ACT’s covid response gets a $63 million boost

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Chief Minister Andrew Barr

THE ACT government is giving Canberra’s COVID-19 health response and services a $63 million boost.

Nineteen million dollars, plus $4.5million capital, will go towards rolling out the recently-approved Pfizer vaccine, set to begin distribution by the end of February.

The rest of the funding will support the costs of case investigation, contact tracing, medical specialists, quarantine processes, policy, testing centres and education.

While Canberra has seen no community transmission since March, Chief Minister Andrew Barr said the pandemic does not have an end date and that the situation can change quickly, both in the ACT and interstate.

“We must have the capability to surge quickly if the need arises,” he said.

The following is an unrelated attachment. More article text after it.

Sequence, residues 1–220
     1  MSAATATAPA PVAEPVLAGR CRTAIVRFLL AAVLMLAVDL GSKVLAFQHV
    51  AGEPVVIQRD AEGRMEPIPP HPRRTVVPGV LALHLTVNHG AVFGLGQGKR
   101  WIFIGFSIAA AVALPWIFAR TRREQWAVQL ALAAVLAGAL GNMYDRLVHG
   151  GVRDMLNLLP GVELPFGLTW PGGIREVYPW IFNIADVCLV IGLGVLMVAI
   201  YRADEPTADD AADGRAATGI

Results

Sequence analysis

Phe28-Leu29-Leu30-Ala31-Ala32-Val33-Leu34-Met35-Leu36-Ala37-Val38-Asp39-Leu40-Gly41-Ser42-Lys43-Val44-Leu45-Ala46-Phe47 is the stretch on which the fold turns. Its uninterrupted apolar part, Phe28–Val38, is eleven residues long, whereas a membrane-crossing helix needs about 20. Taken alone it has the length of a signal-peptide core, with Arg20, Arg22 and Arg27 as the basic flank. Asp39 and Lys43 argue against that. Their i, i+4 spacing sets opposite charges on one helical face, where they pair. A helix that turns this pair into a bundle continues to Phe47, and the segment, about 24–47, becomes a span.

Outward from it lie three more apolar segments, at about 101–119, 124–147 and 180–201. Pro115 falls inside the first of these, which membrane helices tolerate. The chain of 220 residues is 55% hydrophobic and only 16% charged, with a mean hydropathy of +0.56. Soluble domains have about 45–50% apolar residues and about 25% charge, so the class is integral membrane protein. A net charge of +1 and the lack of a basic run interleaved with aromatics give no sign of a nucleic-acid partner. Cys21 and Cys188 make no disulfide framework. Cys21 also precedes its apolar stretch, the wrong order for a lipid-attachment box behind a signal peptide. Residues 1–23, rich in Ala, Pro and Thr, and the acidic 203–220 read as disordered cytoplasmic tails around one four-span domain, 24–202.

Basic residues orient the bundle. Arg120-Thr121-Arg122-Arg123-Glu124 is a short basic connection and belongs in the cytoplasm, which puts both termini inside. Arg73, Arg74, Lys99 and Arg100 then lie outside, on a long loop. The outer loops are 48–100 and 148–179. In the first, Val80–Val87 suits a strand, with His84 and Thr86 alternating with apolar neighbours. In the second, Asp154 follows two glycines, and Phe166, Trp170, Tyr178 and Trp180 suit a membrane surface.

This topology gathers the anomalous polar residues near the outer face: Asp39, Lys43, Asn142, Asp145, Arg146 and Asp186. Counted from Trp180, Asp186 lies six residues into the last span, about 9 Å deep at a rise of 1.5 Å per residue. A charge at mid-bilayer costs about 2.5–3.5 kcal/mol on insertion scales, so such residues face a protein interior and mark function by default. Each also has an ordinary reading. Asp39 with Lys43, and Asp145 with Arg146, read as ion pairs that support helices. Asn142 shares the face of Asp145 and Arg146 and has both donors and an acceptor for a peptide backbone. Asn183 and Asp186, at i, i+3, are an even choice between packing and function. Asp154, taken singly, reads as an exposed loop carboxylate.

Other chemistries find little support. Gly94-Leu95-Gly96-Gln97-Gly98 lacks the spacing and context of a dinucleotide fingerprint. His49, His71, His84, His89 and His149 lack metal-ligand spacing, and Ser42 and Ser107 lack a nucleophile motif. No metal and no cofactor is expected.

ACT Health Minister Rachel Stephen-Smith also announced that $6.5 million has been allocated to fund additional services at Calvary Public Hospital Bruce, $908,000 will fund four beds in Palliative Care ACT’s “Leo’s Place” respite hub, and funding of $16.6 million, provisioned in the August 2020 Economic and Fiscal update, will be released to undertake “critical” electrical building services infrastructure upgrades to Building 10 at Canberra Hospital, where the primary COVID-19 testing laboratory in the ACT is based.

Mr Barr also said that the ACT government is willing to commit further funding to the covid response should they deem it necessary.

“We are ready to invest more throughout the rollout of the vaccine if required. Amounts will depend on joint funding from the Commonwealth and how the situation develops, but we will provide more detail as the next few months unfold,” said Mr Barr.


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